From Dell Vitto Pitagorico (1743), (The Pythagorean Diet: for the Use of the Medical Faculty), as translated quotes in Howard Williams, The Ethics of Diet: A Catena of Authorities Deprecatory of the Practice of Flesh-Eating (1883), 158.
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[Consider] a fence or gate erected across a road] The more modern type of reformer goes gaily up to it and says, “I don't see the use of this; let us clear it away.” To which the more intelligent type of reformer will do well to answer: “If you don't see the use of it, I certainly won't let you clear it away. Go away and think. Then, when you can come back and tell me that you do see the use of it, I may allow you to destroy it.”
In The Thing (1929). Excerpt in Gilbert Keith Chesterton and Alvaro De Silva (ed.), Brave New Family: G.K. Chesterton on Men and Women, Children, Sex, Divorce (1990), 53. Note: This passage may be the source which John F. Kennedy had in mind when he wrote in his personal notebook, “Don't ever take a fence down until you know the reason why it was put up.” (see John F. Kennedy quotes on this site). The words in that terse paraphrase are those of Kennedy, and are neither those of Chesterton, or, as often attributed, Robert Frost (q.v.).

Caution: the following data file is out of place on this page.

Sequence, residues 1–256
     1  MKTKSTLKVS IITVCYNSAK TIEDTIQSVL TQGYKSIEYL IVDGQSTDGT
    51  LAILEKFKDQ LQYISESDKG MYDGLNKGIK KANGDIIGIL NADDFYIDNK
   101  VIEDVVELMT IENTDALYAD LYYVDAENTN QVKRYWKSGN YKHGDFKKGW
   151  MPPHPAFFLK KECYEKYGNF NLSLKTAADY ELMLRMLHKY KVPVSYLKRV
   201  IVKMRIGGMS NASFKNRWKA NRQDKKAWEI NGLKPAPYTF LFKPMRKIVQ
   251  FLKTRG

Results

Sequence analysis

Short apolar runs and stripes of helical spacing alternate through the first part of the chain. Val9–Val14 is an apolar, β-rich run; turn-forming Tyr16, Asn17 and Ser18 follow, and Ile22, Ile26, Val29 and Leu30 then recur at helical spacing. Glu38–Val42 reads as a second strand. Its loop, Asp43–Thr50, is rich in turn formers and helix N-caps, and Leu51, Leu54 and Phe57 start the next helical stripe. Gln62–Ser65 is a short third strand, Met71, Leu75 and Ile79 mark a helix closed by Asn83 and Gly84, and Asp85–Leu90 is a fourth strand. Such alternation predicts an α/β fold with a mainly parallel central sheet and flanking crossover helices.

Science quotes on:  |  Allow (44)  |  Answer (249)  |  Clear (98)  |  Destroy (80)  |  Fence (9)  |  Gate (12)  |  Intelligence (168)  |  Modern (162)  |  Reason (471)  |  Telling (23)  |  Thinking (231)  |  Use (76)

Carl Sagan Thumbnail In science it often happens that scientists say, 'You know that's a really good argument; my position is mistaken,' and then they would actually change their minds and you never hear that old view from them again. They really do it. It doesn't happen as often as it should, because scientists are human and change is sometimes painful. But it happens every day. I cannot recall the last time something like that happened in politics or religion. (1987) -- Carl Sagan